About the Artist
Anton Hasell is a sculptor living in Central Victoria exploring the use of both traditional and digital tools in the design of bells, interactive public-space installation, sculpture and printmaking. He is best known for the creation of the Federation Bells Carillon in Melbourne and for other public-space artworks in Australia, New Zealand and the USA. Through his practice Anton seeks insights into the mysterious and subliminal truths of the Australian landscape whose rhythms operate as a resonant and binding experience linking each of us to our country and to one another.
Anton Hasell creates new forms that seek to tune into the resonant frequencies of the Australian landscape and to manifest its ambient sonorities. Inventing new forms, new sounds and joyful public sites to encourage communal playfulness and shared creativity has resulted in a succinct and exciting body of work promising. Anton lives and works in Mia Mia with his partner in a bluestone house they built themselves.
It is through his bells that Anton is most renowned for, he even has a doctorate on bells in public spaces! Bells are considered important instruments across cultures and have been known throughout history to ring in celebration, as a warning, or to convey the passing of time. Hasell has a great understanding of the role of bell art in the community, and also for his revolutionary methods, combining ancient, traditional arts with digital technology, which has even seen him invent a new bell. As much as he enjoys hearing them clang, Hasell says he doesn’t make bells to make music. Rather, his interest lies in their history, their role as sacred objects in religion, and the science of bell curves. He says his role creating art for public spaces is to make it fun and interactive, to bring people together in playfulness and joy.
About the Work
Twisted Bell was commissioned to provide further opportunity for passers-by to interact with and celebrate the Yarra River. The artwork’s surface reflects natural light and the movement of nearby water, whilst its twisting shape evokes the native river eel in motion. Twisted Bell is a polished bronze sculpture; when touched by hand, the hollow structure of emits a low, rumbling sound, as if giving voice to its own surrounds. The multi-sensory sculpture is an extension of Hasell’s ongoing research into the science and art of bell design. Twisted Bell was created to compliment Council’s Yarra River Biodiversity project and provides further opportunity for the community to interact with and celebrate the Yarra River along the river’s edge, near Cremorne Bridge, on the highest use commuting path in the municipality.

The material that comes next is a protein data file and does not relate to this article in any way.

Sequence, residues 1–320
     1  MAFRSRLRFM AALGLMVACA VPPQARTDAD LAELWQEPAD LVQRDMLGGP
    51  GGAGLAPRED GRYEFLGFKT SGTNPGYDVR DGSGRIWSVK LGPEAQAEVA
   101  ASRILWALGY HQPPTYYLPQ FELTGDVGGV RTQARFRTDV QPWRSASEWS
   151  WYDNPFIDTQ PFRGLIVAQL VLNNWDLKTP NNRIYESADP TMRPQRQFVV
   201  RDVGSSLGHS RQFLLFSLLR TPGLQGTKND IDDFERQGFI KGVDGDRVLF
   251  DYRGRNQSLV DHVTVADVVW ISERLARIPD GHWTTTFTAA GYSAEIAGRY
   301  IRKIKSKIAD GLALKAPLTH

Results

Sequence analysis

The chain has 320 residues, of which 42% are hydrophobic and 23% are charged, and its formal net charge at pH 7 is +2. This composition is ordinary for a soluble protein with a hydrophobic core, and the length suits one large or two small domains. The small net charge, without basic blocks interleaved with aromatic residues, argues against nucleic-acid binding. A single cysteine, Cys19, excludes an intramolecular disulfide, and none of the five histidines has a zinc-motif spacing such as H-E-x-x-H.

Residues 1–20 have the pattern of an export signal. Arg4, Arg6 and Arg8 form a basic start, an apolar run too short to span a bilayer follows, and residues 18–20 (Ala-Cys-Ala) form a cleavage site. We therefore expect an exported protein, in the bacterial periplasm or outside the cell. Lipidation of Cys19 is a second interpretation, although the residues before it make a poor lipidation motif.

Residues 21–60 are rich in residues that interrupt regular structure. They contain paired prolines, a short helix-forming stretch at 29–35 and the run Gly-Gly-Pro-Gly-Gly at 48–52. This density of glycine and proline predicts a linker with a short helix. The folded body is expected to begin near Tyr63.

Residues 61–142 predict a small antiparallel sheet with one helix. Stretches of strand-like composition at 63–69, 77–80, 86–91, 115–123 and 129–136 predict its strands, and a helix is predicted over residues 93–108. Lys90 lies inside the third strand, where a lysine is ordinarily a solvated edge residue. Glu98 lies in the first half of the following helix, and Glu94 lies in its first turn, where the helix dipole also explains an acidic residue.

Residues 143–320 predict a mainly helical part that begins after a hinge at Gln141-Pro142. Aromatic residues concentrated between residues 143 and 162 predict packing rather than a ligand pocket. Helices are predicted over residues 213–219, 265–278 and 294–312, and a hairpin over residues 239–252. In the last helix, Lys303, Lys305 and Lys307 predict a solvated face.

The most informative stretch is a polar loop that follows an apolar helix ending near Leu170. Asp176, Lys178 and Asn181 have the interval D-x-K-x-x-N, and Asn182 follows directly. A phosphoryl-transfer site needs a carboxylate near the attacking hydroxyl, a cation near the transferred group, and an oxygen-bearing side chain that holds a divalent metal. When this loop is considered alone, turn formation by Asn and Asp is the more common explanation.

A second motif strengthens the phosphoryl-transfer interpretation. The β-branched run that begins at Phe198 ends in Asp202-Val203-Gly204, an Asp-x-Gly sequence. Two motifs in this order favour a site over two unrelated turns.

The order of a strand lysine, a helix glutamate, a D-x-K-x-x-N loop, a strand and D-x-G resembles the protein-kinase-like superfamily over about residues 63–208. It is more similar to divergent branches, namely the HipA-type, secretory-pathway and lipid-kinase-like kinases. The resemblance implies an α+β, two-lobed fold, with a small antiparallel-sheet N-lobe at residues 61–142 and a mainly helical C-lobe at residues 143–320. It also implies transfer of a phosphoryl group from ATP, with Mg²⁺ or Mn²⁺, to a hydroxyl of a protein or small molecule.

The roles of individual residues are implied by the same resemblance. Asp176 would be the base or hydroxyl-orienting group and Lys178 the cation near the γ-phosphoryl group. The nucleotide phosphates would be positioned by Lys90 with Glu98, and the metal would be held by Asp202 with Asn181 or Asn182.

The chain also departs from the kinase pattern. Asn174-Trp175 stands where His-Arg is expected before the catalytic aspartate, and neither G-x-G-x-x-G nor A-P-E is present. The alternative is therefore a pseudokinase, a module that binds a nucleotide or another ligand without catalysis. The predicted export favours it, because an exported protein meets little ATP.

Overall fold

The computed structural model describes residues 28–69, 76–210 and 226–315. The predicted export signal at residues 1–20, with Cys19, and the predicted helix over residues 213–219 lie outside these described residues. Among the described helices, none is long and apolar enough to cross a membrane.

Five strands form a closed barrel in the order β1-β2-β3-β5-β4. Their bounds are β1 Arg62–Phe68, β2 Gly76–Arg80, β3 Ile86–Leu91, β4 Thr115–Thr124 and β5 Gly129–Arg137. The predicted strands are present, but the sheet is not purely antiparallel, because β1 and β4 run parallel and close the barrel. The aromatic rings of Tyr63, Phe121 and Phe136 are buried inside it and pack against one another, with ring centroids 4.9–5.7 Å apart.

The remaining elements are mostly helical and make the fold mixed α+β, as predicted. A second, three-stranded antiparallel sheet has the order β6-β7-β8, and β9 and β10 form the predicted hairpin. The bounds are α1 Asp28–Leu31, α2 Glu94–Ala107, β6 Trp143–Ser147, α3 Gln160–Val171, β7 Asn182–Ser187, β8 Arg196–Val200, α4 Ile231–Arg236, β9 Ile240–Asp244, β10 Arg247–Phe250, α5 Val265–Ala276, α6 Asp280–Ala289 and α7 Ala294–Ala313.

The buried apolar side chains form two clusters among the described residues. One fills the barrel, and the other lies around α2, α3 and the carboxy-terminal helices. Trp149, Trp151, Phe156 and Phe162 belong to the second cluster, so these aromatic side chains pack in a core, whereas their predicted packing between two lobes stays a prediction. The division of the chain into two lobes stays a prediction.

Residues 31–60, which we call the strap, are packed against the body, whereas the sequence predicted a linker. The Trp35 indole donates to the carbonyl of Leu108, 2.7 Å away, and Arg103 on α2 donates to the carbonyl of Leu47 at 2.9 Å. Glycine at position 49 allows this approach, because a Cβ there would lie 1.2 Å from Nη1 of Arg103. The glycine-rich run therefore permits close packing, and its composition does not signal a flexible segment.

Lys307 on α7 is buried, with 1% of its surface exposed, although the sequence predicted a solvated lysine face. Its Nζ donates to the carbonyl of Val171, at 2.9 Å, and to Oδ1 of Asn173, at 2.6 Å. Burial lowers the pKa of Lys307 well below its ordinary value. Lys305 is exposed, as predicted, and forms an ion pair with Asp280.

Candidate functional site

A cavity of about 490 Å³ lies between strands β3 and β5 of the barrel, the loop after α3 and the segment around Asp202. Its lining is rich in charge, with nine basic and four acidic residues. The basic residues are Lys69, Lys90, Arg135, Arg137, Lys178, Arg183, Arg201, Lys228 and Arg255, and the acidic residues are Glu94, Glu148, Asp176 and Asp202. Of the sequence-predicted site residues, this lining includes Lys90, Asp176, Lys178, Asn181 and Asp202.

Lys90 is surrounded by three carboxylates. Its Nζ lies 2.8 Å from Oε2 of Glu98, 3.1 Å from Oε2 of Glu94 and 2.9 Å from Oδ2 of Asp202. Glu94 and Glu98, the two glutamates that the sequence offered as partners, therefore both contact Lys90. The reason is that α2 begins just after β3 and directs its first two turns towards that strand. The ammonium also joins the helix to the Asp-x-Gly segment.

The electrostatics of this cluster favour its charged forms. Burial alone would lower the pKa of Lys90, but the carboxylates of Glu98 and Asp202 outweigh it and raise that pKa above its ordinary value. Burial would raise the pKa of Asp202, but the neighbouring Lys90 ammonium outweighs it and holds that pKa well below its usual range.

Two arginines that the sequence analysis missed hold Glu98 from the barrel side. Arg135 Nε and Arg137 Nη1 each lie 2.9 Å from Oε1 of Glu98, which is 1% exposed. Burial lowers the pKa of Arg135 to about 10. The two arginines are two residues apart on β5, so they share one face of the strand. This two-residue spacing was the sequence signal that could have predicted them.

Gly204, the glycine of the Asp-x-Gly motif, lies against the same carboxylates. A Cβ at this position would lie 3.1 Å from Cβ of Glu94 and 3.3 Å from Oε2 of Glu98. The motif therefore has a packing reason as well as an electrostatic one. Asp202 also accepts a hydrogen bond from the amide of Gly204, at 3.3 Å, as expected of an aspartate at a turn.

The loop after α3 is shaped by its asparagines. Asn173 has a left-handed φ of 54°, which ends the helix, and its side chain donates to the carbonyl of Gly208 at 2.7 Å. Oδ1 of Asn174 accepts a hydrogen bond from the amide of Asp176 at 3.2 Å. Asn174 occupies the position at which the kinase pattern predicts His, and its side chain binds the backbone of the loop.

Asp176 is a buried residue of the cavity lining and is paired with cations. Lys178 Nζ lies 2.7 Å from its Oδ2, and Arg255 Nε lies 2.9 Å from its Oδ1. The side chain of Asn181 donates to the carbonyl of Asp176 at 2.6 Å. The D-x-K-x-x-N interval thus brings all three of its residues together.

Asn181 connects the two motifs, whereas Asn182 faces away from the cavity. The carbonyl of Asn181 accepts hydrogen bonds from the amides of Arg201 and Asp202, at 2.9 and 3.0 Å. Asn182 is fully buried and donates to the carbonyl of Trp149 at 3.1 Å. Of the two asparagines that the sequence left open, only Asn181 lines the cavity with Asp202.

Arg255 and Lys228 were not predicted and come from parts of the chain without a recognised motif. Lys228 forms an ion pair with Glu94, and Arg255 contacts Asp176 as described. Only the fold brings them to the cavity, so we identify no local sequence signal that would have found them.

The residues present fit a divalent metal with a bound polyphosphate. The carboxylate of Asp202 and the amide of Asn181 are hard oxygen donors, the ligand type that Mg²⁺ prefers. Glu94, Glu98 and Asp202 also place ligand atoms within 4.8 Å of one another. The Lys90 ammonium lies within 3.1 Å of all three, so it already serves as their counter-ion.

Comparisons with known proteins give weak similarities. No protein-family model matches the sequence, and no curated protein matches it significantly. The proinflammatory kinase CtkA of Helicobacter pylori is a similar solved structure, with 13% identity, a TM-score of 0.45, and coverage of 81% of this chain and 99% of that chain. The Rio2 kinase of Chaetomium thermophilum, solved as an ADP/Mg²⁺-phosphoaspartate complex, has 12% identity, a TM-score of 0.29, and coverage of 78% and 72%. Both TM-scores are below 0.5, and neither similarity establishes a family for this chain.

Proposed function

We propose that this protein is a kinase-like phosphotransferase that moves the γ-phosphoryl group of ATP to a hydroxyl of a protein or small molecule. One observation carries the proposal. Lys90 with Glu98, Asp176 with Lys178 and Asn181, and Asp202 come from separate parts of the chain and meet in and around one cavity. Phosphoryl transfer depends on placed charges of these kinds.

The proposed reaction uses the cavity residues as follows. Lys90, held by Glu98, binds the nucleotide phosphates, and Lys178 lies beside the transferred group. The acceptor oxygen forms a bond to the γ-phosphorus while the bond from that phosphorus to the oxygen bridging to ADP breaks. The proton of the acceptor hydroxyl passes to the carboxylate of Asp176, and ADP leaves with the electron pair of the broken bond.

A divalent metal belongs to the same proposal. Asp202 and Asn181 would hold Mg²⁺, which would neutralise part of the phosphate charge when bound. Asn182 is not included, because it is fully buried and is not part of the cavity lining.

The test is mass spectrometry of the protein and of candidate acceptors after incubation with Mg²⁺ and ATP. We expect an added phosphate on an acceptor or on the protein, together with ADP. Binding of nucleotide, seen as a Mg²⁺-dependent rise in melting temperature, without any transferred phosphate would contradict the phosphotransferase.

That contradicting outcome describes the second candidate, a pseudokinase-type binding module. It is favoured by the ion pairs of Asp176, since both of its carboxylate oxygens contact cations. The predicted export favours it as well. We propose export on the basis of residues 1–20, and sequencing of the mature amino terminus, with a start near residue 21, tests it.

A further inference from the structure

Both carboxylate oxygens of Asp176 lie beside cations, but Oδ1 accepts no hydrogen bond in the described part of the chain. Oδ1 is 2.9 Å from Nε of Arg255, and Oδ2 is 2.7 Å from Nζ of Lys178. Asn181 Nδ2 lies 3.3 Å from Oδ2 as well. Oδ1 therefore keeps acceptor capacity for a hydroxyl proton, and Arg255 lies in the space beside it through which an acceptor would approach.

Anton Hasell developed the twisted bell form using 3D digital modelling software. The more ‘free-form’ acoustic properties of the twist bell expose to our ears for the first-time resonant frequencies that abound in the Australian landscape.
At the official opening of the artwork, Anton Hassell rang the bell and spoke of the bell sound as a meditation on the thousands of generations of people living on the banks of the Yarra, as a call to the returning eels to the Yarra River as well as a resonant frequent that calls all Melbournians home.